- July 15, 2015
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Damages for negligently performed laser tattoo removal where a person has signed a consent form identifying the very harm he suffered as a possible known consequence
I recently concluded a claim for my client WB who had laser tattoo removal performed at a private clinic based on the premises of a well-known general hospital. He had gone to the clinic for the removal of the remnants of an old tattoo on his right arm.
The treatment was performed without any kind of patch test being carried out beforehand. The treatment was performed using a Lambda Q-switched Ruby Laser. The treatment records obtained from the clinic note the energy level used was 40 J/CM². During the course of the case I wrote to the clinic asking them to confirm that this was indeed the level used and received written confirmation that it was.
My client told me that his skin was “sparking” during the treatment, but the technician simply wiped his skin and carried on. She said to him that she had turned the power on full in order to eliminate the tattoo in one sitting. Afterwards he noticed that he was suffering from painful blistering.
I was very pleased to learn that this clinic had public liability insurance. I have written before about the lack of experience (and lack of insurance) of some of these ‘technicians’.
The clinic’s records contained a consent form, signed by my client and entitled “Ruby Laser Consent Form”. The form warned of complications including ‘blistering after treatment, depigmentation, permanent scarring’. It also said that treatment would only go ahead if the client and the technician were both satisfied with the results of the patch test.
I instructed a consultant dermatologist and laser specialist to review the records and to prepare report. The expert confirmed that whilst the Ruby laser was the correct equipment to use for laser tattoo removal the power used should have been in the region of 6-10 J/cm² and that if indeed the treatment had been performed at 40 J/cm², the patient would suffer from blistering and persistent pigmentation (as indeed WB had).
He further explained that it would not necessarily be essential to undertake a patch test in all cases but of course if the patch test had been done at the same level at which the treatment was performed it is likely that the blistering and hyperpigmentation would have been noted there and then.
I obtained a further report from a consultant plastic surgeon who examined my client and prepared a report looking at his current condition and future prognosis. He noted an extensive area of altered skin colour along the lines of the treated tattoo and the adjacent skin. The areas were in the shape of overlapping circles, consistent with the spot pattern of treatment from a laser. There was no palpable scarring but residual black pigmentation from the original tattoo.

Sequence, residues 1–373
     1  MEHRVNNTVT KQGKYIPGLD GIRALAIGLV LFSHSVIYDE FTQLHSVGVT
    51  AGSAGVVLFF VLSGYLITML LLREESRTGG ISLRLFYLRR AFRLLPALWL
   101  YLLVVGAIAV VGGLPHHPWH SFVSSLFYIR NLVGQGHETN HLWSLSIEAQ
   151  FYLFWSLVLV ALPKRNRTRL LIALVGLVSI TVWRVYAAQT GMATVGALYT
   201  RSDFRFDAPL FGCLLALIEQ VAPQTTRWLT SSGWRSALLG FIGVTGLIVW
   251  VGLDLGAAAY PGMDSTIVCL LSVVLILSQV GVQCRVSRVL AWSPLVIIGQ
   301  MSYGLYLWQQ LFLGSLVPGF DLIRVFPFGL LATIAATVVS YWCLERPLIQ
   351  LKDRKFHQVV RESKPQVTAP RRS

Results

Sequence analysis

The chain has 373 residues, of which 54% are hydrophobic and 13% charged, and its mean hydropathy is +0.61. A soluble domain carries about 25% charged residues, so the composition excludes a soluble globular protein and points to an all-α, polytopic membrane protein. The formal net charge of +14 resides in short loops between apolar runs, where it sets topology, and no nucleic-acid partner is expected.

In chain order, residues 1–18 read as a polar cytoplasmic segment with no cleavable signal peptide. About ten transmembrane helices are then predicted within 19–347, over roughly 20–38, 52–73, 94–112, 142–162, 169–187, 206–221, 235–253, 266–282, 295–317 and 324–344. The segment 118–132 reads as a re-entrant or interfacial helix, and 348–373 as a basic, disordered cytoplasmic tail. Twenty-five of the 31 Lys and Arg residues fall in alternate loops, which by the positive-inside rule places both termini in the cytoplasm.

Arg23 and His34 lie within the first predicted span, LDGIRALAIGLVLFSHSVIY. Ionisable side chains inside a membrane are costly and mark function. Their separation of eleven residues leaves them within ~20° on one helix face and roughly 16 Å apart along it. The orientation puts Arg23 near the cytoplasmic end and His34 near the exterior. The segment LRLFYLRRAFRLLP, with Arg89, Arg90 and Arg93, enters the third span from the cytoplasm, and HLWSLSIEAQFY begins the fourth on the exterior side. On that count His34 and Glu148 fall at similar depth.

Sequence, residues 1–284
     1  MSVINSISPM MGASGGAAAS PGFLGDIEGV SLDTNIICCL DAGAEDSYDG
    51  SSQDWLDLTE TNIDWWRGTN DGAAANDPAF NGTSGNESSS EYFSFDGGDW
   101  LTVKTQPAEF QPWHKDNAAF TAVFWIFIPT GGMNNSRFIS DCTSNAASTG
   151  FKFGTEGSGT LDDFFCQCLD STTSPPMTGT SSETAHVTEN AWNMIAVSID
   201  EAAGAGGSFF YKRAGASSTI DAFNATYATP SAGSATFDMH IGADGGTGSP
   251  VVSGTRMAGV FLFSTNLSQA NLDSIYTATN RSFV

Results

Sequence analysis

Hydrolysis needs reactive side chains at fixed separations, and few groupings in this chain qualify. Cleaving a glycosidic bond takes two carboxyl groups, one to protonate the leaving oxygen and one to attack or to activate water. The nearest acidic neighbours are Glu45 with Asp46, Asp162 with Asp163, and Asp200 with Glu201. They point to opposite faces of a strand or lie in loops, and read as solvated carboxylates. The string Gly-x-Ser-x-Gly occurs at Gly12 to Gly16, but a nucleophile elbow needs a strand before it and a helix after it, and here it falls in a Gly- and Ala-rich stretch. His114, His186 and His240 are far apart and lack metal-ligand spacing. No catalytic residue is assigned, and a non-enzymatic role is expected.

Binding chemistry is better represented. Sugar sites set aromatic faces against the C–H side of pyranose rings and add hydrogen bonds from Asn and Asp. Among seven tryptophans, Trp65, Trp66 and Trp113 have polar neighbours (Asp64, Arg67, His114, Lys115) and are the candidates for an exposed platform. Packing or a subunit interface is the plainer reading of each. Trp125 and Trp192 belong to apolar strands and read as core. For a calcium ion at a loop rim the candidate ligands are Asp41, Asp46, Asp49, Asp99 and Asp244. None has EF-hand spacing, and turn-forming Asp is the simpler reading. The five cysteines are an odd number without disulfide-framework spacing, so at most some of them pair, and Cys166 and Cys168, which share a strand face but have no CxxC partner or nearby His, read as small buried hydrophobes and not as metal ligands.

Armed with this expert evidence I drafted a formal letter of claim to the clinic setting out the allegations of negligence and detailing not only the pain and suffering my client had endured but also the further treatment he needed as a result of the negligent treatment.
No formal response to the letter of claim was ever received. After some time the clinic’s insurers made an offer to my client to settle his claim for the sum of £2,500 – this offer was specified to include all of his legal costs, experts’ fees and a sum to compensate him!
I discussed the clinic’s ridiculously low offer with my client and we decided to return to the insurers with a counter-proposal. I continued to chase for a formal letter of response but this was never forthcoming.
Just as I was advising my client to issue and serve court proceedings to progress the matter the clinic’s insurers had a change of case handler – the new case handler, it seemed to me, had a much better understanding of the potential value of the claim and very quickly made a much more sensible offer that my client was pleased to accept.
When my client first discussed his case with me he was very concerned that his claim would not be successful because he had signed a consent form detailing the potential risks and that some of those recognised risks were exactly the injury he had suffered.
I explained to him that by virtue of section 2 of the Unfair Contract Terms Act 1977.
(1) A person cannot by reference to any contract term or to a notice given to persons generally or to particular persons exclude or restrict his liability for death or personal injury resulting from negligence.
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